How to cut costs by switching to the cloud

Christian Krause05/27/2020

Many small and medium-sized businesses hesitate to start running their IT infrastructure and application landscapes more efficiently in the cloud. One reason is the concern that operating costs could get out of control. Yet, if you get the main things right, the result is noticeable cost-savings and a big step towards digitalization.

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The promises made by cloud providers were initially met with disillusion, since the predicted cost-savings could not always be achieved with the first generation of cloud applications. Today we know: potential savings depend primarily on consistent administration and continuous controlling of cloud resources. All the same, we now have handy tools that allow us to

•    automatically and accurately track costs in the cloud and 
•    continuously control resources, in some cases even down to the hour. 

In addition to holding high potential for innovation, these are key reasons for the success of the cloud. Analysts at the Gartner market research institute estimate that by 2025, about 80% of companies around the world will have shut down their data centers.

A paradigm shift with respect to IT

In the public cloud, “pay per use” billing has come to the fore. That’s why it’s important to have a clear understanding of what you actually need. When put before practically unlimited resources, the onus is on the company’s management not to act like they were at an all-you-can-eat buffet. Instead, they should closely examine the actual use profiles of each resource. Based on the experience of cloud specialists, companies often book 50–60% more resources than they actually need.

So, it takes some serious rethinking. With the in-house data center, resources were always planned to handle peak loads, plus a buffer to take care of all the hardware procurement processes. In the cloud environment, this approach doesn't work. Instead, you start with the most crucially needed resources, because you can easily add more in a matter of minutes. This flexibility is probably the biggest advantage of the cloud. No one is forced to maintain hardware all year round just so they can stay afloat when the Christmas rush hits. And this aspect is also advantageous in other areas. When capacity is not needed – for instance, at night or on weekends – it can be “switched off” temporarily.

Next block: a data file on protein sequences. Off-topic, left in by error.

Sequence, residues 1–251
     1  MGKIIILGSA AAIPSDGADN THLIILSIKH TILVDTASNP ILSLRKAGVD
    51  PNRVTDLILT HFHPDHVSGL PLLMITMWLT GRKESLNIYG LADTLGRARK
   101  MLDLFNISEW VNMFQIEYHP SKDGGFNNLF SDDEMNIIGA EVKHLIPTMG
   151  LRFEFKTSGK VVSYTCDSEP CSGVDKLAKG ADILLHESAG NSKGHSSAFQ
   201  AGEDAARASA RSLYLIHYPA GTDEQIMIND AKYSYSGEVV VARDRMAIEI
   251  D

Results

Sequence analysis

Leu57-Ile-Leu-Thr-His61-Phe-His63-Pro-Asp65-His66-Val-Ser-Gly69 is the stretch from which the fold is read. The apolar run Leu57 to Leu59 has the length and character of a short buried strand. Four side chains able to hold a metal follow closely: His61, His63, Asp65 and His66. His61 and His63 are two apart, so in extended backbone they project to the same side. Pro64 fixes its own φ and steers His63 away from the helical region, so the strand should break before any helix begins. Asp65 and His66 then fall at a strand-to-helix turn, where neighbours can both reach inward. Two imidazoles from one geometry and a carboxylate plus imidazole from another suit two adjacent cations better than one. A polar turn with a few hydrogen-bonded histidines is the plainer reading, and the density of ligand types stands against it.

Using data analysis to save resources

COSMO CONSULT experts have also gained good experience in analyzing telemetry data of consumption in order to identify areas where savings can be made. Most importantly, though, every cloud transition project must be preceded by a solid assessment phase in which we define the appropriate IT workloads for each step of the migration process. Taking a purely lift & shift approach in which applications and data are moved to the cloud without any adjustment will not help reduce costs. Savings can only be achieved if systems are modified such that cloud-native advantages can actually be utilized. It’s equally important to know the pricing and price dynamics of your cloud provider. The goal is to find a service provider that not only offers the right functionality but a good bargain, too. 

It may make sense to reserve essential resources for a year or more, given that generous, double-digit discounts are often available. It’s also smart to always keep an eye on pricing, since resources and services often become cheaper over time. At that point, it might be more cost-effective to switch. It’s also a good idea to take a close look at the likely older databases your company is using. Moving these to the cloud can often require purchasing expensive licenses. To cut costs, you might want to switch to a database-as-a-service solution like Azure SQL.

Cloud storage means greater sustainability

The cloud is also a good option for geo-redundancy. Business are no longer forced to run a costly second data center location in order to achieve this goal. 

And cloud providers generally take the lead when it comes to sustainability. For example, modern data centers have a PUE (power usage efficiency) rating of about 1.3. That means that IT takes up 100 KW; the remaining 30 KW goes to heating and cooling. Older data centers can hit PUEs of 2 or even higher. So, their surrounding equipment consumes at least as much power as IT itself. The business model of cloud providers is based on utilizing server capacity as efficiently as possible while using the latest in energy-efficient technology. And the electricity cost-savings get passed down to the customer, too.

Want to know how your business can safely take advantage of the cloud? 
Sign up now for our free webinar “Why now is the best time to take your IT infrastructure to the Microsoft Cloud!” , Thursday 25th of June at 11 am. We will tell you what a professional migration concept should look like and which processes to transfer to the cloud first. 

Don't have time? 

Our white paper “The Key to a successful Cloud Migration” is a good place to start. Here you will find out, when it is worth starting, how to do it cost-effectively and much more. 

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Christian Krause
Operations Manager, Cloud & IT Services